The lack of access to basic sanitation is a global concern and alarmingly prevalent in low- and middle- income countries. In the densely populated settlements of these countries, on-site sanitation systems are usually the only feasible option because dwellers there have no sewers in place to connect to. Using on-site sanitation facilities results in an accumulation of faecal sludge which needs to be properly managed to ensure the well-being of the users as well as the surrounding environment. Unfortunately, often the conditions for faecal sludge management (FSM) within dense settlements are adverse and thus hamper sustainable FSM. We use the normative framework of the FSM enabling environment to gather empirical evidence from densely populated settlements of Kigali city in Rwanda to examine current FSM practices and the extent to which these are being influenced and affected by the setting within which they are taking place. The analysis of the study findings confirms that the existing conditions for FSM in these settlements are inadequate. The specific constraints that hinder the achievement of sustainable FSM include limited government focus on the sanitation sector, high turnover of staff in relevant government institutions, pit sludge management is not placed on the sanitation projects agenda, the existing relevant bylaws are not pro-poor oriented, a lack of clear responsibilities, a lack of relevant local professional training opportunities, unaffordability of FSM services and an inhibition to discuss FSM. Drawing on the involved stakeholders’ own perceptions and suggestions, we identify possible approaches to overcome the identified constraints and to allow all actors in the FSM chain to contribute effectively to the management of faecal sludge in densely populated low-income urban settlements. Finally, our study also presents a contribution to the theoretical conceptualisation of the enabling environment for sustainable FSM.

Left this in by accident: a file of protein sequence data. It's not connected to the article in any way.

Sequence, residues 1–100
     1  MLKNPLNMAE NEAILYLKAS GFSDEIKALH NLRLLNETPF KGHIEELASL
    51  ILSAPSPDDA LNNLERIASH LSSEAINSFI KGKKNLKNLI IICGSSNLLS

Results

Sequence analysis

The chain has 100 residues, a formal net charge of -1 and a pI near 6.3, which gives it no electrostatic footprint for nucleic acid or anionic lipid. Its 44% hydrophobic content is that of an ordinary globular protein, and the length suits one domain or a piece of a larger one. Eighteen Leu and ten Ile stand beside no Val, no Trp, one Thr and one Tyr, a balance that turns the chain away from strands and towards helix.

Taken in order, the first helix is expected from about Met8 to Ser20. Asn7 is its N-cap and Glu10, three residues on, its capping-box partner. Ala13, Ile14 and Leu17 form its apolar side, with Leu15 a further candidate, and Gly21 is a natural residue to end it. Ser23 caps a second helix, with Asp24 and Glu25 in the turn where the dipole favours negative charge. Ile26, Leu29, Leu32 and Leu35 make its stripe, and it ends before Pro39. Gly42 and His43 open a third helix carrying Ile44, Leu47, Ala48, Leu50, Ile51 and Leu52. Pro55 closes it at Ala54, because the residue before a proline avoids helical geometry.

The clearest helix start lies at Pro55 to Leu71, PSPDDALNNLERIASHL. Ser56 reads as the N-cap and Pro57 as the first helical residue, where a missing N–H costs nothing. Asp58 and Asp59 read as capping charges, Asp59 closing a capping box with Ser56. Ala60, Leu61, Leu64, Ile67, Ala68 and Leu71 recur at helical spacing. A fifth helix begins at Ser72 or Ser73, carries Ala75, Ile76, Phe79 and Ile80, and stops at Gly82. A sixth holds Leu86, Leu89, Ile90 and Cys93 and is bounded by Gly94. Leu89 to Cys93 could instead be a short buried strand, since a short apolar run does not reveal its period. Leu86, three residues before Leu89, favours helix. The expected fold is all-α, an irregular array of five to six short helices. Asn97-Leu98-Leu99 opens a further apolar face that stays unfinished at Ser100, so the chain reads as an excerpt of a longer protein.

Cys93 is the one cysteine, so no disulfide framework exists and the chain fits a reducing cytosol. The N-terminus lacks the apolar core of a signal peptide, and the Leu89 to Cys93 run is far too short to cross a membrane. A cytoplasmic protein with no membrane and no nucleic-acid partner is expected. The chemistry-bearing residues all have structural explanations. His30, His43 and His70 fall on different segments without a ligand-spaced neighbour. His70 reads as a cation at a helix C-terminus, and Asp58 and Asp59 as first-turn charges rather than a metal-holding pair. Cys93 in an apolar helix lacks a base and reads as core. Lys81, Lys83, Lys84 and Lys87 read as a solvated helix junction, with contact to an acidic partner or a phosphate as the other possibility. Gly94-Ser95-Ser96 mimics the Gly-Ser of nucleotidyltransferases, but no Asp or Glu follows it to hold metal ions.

|Number of pages||14|
|Journal||International Journal of Hygiene and Environmental Health|
|Publication status||Published - 1 Aug 2017|
- Capacity development
- Developing countries
- Enabling environment
- Faecal sludge management